Wrong fingers, Omar.
It feels like every time I start a new post I’m doing so with a snarky remark about this wretchedly slow off-season hitting some kind of a new low. As much as I’d like to avoid doing that again right now, it’s kinda hard not to, because we’re about to rehash a bunch of 2012 bullshit involving people who are no longer even in the Jays organization. (Yay?)
But actually, this is somewhat interesting, as last night we got some excellent — albeit curiously 18 months late — insight from Bob Elliott of the Toronto Sun about the breakdown of the relationship between John Farrell and Omar Vizquel back at the end of both of their tenures as Blue Jays.
The short version of Elliott’s piece is that Vizquel paid for Henderson Alvarez’s family to fly from Venezuela to Miami so they could watch the then-Jays pitcher’s scheduled start against the Marlins in June of that year. However, a flurry of injuries hit the club’s rotation (as you may recall), and at some point after both the team and the Alvarez family had landed in Florida, Farrell bumped Henderson’s start back a game, which put him into the next series, in Boston. This angered Vizquel, who went to the manager’s office to complain, though he was rebuked, Elliott explains, with something like, “I’m not running a Little League team here, I’m doing what’s best for the team.”
Vizquel thought he had been slighted, began second guessing Farrell and 13 weeks later knocked Farrell’s failure to “jump on mistakes” by young players telling our Steve Simmons:
“It’s part of the inexperience. If you make mistakes and nobody says anything about it — just let it go — we’re going to keep making the same mistakes over and over. We have to stand up and say something right after a mistake happened. We have to talk about it at meetings. We have to address it in a big way in the clubhouse.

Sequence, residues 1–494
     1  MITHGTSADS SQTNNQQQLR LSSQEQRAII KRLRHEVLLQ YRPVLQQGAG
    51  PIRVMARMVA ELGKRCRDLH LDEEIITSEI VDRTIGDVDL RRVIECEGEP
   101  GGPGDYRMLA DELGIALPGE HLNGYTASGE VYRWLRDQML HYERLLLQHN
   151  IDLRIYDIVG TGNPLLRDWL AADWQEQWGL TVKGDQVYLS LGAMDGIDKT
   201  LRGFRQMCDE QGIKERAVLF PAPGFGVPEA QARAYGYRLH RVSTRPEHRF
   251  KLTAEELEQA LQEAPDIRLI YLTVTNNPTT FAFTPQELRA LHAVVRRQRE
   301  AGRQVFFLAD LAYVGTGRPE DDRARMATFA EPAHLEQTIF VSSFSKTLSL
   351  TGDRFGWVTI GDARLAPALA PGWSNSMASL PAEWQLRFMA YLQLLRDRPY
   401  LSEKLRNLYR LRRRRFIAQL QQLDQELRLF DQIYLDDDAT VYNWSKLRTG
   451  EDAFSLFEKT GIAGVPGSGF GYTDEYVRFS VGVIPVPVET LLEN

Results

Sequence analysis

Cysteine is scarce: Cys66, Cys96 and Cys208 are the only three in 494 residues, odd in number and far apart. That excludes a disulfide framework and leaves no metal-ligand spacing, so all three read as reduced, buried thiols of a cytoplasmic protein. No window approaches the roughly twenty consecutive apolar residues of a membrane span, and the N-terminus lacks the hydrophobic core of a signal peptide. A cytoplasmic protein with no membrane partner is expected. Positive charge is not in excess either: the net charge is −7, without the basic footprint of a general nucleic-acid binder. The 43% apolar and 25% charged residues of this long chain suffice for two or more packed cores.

“Sometimes you have to punish players because they’re making the same mistakes over and over again.”
The next day Farrell screamed at Vizquel behind closed doors and wanted to release him.
With less than a week remaining in the season, the Jays did not think it was appropriate to release the future hall of famer.
There are some interesting strands to pull from this, especially looking back on what was being said at the time, the first of which is to reiterate — gauche as it may be in some circles at this point — that Farrell is absolutely fucking bang on. That doesn’t mean, however, that the disarray of his final weeks as skipper here isn’t in abundant evidence when looking back.
When the breakup eventually became inevitable, we heard about possible tensions between the manager and the front office. That became clearer near the end of the 2013 season, when Farrell contrasted his former and current employers, speaking about the difference between a “scouting-based organization, and one based on player development.
Acrimonious as it came off, those comments actually made it sound a rather cordial, academic split, like a band claiming after the fact that they broke up over “creative differences,” when the reality suggested by the Vizquel stuff makes it look closer to being about petty jealousies, or, to complete the analogy, sleeping with each other’s girlfriends.